In one letter, Tolkien writes that he “cordially dislikes allegory in all its manifestations”, so when we hear a xenophobic worker in Numenor worried that elves are “taking all their jobs”, it obviously reflects the current situation going on in various parts of the world – and contradicts the writers claiming they’re honouring Tolkien.
But beyond that, the actual story here just isn’t very good. The sheer lack of logic and narrative structure belies belief. I said before about the pacing but even simple things like characters moving from point A to B are completely disregarded.
A fantasy world may have fantastical creatures and beings but it still has to adhere to the established rules it sets for itself early on. As a similar TV example, in season 3 and 4 of Game of Thrones, half the season is spent with The Hound and Arya, traveling over rolling hills and expanses. We get a feel for the sheer size of the world and the majesty of Westeros. In season 7 however, characters teleport around in seconds. Rings of Power takes this same illogical sense of time and dials it up to 11.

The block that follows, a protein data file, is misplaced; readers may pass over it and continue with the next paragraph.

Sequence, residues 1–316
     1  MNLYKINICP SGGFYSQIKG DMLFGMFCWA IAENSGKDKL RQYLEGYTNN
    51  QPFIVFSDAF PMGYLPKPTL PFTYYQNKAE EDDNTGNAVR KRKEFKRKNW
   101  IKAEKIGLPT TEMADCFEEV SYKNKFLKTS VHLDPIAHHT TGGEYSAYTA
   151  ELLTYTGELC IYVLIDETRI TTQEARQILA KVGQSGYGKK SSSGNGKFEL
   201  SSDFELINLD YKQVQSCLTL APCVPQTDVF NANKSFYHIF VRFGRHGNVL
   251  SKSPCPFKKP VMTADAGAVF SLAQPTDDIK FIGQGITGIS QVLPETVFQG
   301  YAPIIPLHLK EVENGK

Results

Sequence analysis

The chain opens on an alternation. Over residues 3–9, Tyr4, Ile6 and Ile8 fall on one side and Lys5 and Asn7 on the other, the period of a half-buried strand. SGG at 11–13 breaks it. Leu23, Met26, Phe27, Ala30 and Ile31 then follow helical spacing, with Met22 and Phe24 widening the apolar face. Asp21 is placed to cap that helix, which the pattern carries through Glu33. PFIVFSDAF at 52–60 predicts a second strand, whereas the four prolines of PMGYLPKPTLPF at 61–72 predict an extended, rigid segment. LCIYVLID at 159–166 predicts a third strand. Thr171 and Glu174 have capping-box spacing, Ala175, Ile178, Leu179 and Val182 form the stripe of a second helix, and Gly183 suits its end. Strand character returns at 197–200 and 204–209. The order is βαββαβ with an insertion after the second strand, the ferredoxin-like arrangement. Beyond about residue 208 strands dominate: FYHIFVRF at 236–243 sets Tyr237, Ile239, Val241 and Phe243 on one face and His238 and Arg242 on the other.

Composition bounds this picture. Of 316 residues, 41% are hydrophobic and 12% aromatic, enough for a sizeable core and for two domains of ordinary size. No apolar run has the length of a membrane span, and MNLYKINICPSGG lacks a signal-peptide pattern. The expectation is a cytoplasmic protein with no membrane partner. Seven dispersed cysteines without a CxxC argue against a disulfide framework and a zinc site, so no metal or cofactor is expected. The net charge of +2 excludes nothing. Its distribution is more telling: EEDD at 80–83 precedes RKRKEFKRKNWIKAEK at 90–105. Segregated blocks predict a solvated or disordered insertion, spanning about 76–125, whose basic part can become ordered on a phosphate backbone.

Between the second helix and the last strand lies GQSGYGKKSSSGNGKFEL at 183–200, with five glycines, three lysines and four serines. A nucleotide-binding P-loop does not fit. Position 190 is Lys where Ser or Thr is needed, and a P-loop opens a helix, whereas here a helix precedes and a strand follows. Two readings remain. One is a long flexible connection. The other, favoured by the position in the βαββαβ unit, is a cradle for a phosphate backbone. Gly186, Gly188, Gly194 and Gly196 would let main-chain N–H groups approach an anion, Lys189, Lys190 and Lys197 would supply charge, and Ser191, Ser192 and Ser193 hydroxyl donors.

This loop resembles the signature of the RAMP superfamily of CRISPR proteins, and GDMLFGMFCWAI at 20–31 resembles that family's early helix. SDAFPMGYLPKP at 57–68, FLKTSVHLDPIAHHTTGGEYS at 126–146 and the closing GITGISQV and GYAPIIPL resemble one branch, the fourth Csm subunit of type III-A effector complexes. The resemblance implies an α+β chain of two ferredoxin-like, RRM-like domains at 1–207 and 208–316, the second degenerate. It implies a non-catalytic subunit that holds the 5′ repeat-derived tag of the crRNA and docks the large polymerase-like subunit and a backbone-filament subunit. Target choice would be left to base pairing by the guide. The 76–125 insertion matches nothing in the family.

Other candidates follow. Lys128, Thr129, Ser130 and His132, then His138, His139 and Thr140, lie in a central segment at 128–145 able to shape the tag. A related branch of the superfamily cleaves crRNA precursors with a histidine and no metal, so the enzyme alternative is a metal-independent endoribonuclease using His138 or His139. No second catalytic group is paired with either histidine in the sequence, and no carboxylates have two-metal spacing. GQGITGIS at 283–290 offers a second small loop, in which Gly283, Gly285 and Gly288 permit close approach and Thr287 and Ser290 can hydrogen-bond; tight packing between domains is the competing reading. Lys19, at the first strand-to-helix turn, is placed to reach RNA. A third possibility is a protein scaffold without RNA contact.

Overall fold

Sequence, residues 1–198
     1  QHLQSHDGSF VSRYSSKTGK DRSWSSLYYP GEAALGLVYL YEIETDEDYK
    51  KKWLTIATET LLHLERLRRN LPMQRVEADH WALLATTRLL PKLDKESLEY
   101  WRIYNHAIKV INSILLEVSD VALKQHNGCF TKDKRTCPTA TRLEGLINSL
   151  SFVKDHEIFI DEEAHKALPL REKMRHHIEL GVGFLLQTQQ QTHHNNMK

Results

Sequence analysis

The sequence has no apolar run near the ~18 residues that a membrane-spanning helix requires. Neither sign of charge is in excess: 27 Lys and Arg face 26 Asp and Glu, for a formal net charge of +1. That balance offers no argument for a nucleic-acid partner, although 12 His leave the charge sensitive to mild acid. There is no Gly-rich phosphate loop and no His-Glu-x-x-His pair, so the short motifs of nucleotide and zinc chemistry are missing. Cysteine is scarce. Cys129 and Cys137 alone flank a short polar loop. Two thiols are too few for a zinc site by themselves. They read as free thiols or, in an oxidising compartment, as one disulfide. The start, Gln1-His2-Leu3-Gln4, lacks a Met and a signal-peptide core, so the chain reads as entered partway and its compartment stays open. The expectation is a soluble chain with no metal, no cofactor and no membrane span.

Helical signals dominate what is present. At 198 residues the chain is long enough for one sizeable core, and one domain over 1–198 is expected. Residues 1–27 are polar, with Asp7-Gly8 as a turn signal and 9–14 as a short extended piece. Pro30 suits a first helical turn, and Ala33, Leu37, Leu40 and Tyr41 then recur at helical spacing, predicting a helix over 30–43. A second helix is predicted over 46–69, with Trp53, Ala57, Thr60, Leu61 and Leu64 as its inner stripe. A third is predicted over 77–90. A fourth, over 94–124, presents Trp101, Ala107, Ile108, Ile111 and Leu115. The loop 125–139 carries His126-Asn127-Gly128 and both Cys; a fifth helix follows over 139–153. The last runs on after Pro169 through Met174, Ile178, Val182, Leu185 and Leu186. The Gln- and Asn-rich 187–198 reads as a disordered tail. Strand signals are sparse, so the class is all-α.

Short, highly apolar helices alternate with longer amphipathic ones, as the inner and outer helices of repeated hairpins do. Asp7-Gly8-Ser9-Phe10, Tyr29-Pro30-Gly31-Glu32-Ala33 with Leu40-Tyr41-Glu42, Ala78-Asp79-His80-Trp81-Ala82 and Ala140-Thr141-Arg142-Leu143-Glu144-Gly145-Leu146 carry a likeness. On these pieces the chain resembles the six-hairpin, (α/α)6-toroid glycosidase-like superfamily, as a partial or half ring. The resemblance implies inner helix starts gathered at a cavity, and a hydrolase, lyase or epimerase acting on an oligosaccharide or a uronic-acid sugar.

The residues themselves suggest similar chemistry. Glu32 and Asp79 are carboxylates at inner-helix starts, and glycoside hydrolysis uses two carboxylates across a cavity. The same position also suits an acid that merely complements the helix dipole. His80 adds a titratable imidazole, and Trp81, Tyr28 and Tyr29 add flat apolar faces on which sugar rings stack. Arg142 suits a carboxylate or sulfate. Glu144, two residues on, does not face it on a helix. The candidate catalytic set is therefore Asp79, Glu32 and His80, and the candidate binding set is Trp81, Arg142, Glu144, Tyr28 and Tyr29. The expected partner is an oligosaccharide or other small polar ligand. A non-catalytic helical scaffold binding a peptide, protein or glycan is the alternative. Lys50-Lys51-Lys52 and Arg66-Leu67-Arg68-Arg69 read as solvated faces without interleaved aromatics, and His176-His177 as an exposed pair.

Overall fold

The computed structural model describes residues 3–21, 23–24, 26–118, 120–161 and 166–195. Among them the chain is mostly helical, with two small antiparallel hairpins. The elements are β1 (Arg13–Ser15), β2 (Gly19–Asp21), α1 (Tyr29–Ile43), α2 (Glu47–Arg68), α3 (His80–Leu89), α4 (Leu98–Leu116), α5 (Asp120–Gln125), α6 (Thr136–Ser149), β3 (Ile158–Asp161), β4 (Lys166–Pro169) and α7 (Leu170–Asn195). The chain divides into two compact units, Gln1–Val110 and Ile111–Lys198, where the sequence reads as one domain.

In one episode, the Harfoots head off on a migration but even the writers aren’t sure how long this lasts for, given their own commentary on that episode. Another time, we’re told that it’ll take “2 days” for 3 ships to reach land… and then 6 hours later there are thousands of men and women riding horses across the expanse toward a battlefield.
These sort of lackadaisical slips are not just frustrsging to watch, they completely take you out of the world and destroy any sense of realism and immersion you may have. And that in itself is staggering for a billion dollar project.
The character development is almost non-existent through large swathes of this season, and it’s presented in a really questionable way. The show has a bizarre tendency to lean on mystery box gimmicks for things that aren’t even mysteries. Will Isildur, the man destined to cut the ring from Sauron’s hand die? We’ll have to wait to find out!